Three justices would have heard judicial salary case.
Justice Breyer, in a dissent in which Justices Scalia and Kennedy joined, said he would have granted the writ of certiorari in Williams v. United States, 122 S.Ct. 1221 (2002), to determine if Congress had violated the Ethics Reform Act of 1989. That act strictly limits the type of outside income that federal judges may earn, but it also sets up a mechanism to assure that "real" compensation for judges stays at a nearly constant level. Judicial compensation would be kept at that level through a formula for cost-of-living pay increases, which would take effect whenever there was a similar adjustment in the salaries of most federal civil servants.
The pay adjustments under the Ethics Act take place annually and automatically unless the President determines that a national emergency or serious economic conditions affecting the general public should trump them. In 1995, 1996, 1997 and 1999, salary adjustments for the rest of federal employees took effect, but not so for federal judges. The raises for those years was overridden by Congressional appropriations legislation providing that salaries for members of Congress, certain high-level executive branch employees and federal judges would not be adjusted.
In 1997, U.S. District Court Judge Spencer Williams, along with other judges who were sitting on the federal bench when the Ethics Act took effect, sued the United States, alleging that the Congressional "blocking laws" diminished their compensation in violation of the Constitution's compensation clause in Section 1 of Article III, which provides that federal judges' compensation shall not be diminished during their terms in office. The district court ruled in favor of the judges, but the Court of Appeals for the Federal Circuit, in a split decision, reversed. 240 F.3d 1019 (2001).
Petitioning for a writ of certiorari, the judges argued that the U.S. Founding Fathers deliberately mentioned federal judges in the compensation clause because they wanted to establish an independent judiciary that would not have to worry about a drop in salary from legislative acts. They also argued that the Congressional "blocking bills" in effect diminished judges' salaries and were unconstitutional because they reneged on the promises of the Ethics Act, which specifically sought to protect judicial salaries at a base level. As the American Bar Association, Federal Bar Association and American College of Trial Lawyers pointed out in supporting the judges' position, the "real salaries" of district court judges has declined about 25 percent in the past several decades.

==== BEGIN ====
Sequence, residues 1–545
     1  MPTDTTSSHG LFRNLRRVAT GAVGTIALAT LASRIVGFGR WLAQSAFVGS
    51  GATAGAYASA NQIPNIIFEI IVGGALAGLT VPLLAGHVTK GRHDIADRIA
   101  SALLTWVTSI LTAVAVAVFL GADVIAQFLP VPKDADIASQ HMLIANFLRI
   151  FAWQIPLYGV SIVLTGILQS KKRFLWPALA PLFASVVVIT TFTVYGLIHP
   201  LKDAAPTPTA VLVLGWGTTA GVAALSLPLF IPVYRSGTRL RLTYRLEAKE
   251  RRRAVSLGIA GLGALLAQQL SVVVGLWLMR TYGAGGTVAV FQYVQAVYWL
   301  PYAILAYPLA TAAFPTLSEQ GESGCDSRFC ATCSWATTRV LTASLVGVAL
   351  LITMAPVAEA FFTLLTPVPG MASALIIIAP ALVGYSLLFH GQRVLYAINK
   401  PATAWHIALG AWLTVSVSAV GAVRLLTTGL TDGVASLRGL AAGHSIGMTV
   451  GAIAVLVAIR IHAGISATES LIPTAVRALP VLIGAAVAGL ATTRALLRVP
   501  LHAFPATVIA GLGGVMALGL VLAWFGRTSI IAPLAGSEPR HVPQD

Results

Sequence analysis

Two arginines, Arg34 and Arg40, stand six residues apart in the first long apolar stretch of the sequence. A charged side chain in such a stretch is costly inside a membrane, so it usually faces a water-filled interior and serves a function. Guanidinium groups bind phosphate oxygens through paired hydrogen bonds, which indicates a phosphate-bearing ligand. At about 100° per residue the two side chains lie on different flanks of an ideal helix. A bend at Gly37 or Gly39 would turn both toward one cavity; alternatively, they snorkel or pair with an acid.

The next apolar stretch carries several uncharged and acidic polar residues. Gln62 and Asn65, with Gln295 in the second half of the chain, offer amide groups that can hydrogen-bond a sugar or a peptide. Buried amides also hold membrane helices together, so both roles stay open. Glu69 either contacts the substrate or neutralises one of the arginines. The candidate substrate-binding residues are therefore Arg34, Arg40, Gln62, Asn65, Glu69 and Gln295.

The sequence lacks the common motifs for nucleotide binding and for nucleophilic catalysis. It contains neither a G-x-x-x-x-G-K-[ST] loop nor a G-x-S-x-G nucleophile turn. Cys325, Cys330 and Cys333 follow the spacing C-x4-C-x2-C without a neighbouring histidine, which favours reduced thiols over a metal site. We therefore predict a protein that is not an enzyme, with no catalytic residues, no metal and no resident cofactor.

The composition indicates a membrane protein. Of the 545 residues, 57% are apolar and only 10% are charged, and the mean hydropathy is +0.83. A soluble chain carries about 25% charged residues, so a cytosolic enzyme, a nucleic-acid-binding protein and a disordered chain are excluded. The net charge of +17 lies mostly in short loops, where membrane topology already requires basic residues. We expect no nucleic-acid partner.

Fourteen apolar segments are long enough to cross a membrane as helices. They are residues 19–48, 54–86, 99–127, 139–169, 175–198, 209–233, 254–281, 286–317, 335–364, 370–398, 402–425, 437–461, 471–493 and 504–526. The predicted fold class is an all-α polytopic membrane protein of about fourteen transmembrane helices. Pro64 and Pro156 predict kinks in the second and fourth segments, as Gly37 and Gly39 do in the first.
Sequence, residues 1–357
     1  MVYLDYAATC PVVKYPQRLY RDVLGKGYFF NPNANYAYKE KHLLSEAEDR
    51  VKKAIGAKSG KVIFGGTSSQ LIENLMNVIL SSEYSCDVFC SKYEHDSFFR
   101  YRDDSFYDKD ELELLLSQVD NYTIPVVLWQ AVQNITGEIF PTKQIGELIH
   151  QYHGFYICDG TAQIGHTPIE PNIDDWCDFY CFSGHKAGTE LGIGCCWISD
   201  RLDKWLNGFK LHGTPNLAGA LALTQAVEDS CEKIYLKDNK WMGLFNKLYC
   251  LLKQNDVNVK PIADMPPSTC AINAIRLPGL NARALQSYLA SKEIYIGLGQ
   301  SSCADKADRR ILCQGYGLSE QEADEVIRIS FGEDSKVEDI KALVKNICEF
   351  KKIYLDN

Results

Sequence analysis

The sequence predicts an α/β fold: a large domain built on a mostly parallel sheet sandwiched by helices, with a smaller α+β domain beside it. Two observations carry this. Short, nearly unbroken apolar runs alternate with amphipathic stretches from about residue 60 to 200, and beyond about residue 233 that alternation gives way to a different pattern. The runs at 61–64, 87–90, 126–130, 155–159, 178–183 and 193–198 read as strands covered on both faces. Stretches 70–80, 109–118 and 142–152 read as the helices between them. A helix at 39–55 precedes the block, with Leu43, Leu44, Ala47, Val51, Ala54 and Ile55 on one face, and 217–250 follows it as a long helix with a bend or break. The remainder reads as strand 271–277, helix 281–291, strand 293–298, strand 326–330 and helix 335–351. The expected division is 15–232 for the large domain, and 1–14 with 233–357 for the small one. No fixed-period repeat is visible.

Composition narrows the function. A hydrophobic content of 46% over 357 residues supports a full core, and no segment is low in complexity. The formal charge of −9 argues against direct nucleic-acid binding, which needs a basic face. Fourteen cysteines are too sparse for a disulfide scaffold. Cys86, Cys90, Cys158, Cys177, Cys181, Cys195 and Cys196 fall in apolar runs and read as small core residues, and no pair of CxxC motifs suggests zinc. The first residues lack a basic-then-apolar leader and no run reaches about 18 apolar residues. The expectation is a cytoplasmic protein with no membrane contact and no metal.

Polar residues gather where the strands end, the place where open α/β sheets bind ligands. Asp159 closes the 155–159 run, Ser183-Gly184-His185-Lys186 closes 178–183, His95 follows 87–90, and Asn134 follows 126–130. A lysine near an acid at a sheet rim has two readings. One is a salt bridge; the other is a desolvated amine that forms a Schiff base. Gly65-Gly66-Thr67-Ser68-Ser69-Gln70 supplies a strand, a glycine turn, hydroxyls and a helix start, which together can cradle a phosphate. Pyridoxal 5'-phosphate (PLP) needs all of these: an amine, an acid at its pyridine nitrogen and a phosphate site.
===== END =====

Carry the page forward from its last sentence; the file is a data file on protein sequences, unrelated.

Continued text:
In Justice Breyer's dissent, he viewed the judges as raising difficult constitutional questions that warranted the Supreme Court's review. The appeal, he wrote, was about a Congressional decision in 1989 to protect federal judges against undue diminishment in real pay by providing for cost-of-living adjustments to guarantee their salaries would not fall too far behind inflation. Through the "blocking bills," he went on, Congress had cut its own real salaries just as much as it had that those of federal judges. The compensation clause, which the judges asserted was at issue, speaks of protecting judicial salaries from diminishment, not about protecting Congressional salaries, he added. The constitutional question, as Justice Breyer framed it, was whether the compensation clause permits a Congress to renege on a commitment by a prior Congress to maintain real judicial salaries. He would have granted certiorari to decide that issue.
"Prudential considerations" may have had some play in the court's denial of the certiorari petition, Justice Breyer acknowledged. "For one thing, we face the serious embarrassment of deciding a matter that would directly affect our own pocketbooks; and, in doing so, we may risk the public's high opinion of the Court insofar as that opinion rests upon a belief its judges are not self-interested." Just because it is a somewhat touchy issue, does not mean the Supreme Court should turn a deaf ear, he stated. "Whenever a court considers a matter where public sentiment is strong, it risks public alienation."
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|Title Annotation:||US Supreme Court|
|Author:||Sanders, Carol McHugh|
|Publication:||Defense Counsel Journal|
|Date:||Jul 1, 2002|
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